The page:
In reviewing the trial court's granting of EWEB's motion for summary judgment, we view the record in the light most favorable to defendant to determine whether there is a genuine issue of material fact as to whether the removal of 2,000 cubic yards of gravel is reasonably necessary to accomplish the intended purpose of the easement, and whether EWEB was entitled to judgment as a matter of law. ORCP 47 C.
In support of its motion for summary judgment, EWEB offered expert opinion that the removal of the gravel was necessary to maintain adequate stream flow for fish to be drawn to the channel. EWEB submitted the declaration of its civil engineer, Mark Zinniker, who described how the shape, configuration, and flow of the river cause gravel deposits at the south end of the channel that restrict water flow into the channel and make it more difficult for fish to find the channel. Zinniker stated that periodic removal of the gravel is necessary in order to maintain adequate water flow in the channel to attract fish to the channel. The record on summary judgment also includes opinions from the United States Fish and Wildlife Service and the National Marine Fisheries Services that the annual removal of up to 2,000 cubic yards of gravel from the channel to ensure adequate water flow for fish to pass is consistent with existing biological opinions concerning the site.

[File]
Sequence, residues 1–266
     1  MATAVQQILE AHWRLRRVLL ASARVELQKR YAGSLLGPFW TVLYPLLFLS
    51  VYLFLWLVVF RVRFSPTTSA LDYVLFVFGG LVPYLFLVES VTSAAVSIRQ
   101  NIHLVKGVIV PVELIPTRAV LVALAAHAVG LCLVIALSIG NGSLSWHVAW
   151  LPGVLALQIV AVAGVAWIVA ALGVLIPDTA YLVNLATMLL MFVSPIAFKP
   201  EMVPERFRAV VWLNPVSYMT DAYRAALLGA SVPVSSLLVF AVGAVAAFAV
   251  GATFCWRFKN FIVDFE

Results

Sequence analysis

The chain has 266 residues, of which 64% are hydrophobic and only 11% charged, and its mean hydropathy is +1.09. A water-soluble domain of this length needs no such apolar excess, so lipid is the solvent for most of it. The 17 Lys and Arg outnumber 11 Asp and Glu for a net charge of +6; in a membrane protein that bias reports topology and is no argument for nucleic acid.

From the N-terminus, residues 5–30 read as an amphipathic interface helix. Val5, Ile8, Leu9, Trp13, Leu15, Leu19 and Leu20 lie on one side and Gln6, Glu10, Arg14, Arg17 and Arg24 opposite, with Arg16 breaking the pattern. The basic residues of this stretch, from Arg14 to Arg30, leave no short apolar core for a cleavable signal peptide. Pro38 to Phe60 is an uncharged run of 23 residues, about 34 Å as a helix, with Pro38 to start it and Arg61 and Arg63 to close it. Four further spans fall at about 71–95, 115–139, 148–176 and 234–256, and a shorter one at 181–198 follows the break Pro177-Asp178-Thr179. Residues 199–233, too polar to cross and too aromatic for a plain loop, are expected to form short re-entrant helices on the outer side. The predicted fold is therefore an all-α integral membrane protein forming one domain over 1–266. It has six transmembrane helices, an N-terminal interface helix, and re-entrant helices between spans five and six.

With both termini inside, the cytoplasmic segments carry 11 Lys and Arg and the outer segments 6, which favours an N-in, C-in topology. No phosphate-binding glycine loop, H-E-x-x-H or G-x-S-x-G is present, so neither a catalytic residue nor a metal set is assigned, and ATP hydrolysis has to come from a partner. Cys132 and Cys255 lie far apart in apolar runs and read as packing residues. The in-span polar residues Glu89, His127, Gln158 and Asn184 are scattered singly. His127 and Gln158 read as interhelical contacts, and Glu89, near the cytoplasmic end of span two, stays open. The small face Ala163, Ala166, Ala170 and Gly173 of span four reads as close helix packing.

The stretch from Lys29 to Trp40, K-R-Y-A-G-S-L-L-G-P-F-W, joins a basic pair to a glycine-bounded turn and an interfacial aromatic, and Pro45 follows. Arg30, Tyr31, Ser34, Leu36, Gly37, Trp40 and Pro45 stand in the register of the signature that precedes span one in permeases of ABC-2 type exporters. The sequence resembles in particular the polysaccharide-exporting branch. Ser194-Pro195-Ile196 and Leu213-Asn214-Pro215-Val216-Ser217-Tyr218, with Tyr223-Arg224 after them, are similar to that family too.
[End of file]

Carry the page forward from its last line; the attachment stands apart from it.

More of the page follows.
In the face of EWEB's evidence that the removal of gravel is necessary to ensure adequate water flow for fish passage, defendant, as the party opposing EWEB's motion for summary judgment, bears the burden to present “specific facts showing that there is a genuine issue of material fact” for trial as to whether EWEB's proposed removal of gravel was reasonably necessary. ORCP 47 D. Defendant did not offer the opinion of an expert on gravel depths and stream flow necessary to encourage fish passage. Rather, in his declaration, defendant expressed his opinion that he does not believe, based on the information that had been provided to him by EWEB, that the annual removal of gravel is reasonably necessary to keep a sufficient flow of water through the channel to attract salmon and to permit them to migrate through the channel. And he further opined that, based on his observations as an avid fisherman on the McKenzie River for over 35 years and his communications with EWEB personnel, “much of the work performed by Plaintiff in and around the fish return channel” is unrelated to keeping a sufficient flow of water passing through the channel but, rather, is required by federal regulators on account of the effects of EWEB's operation of the hydroelectric project and is “designed to protect animal and fish species other than salmon.” In his first assignment, defendant contends that his opinion creates a question of fact about the need for the gravel removal that precludes summary judgment.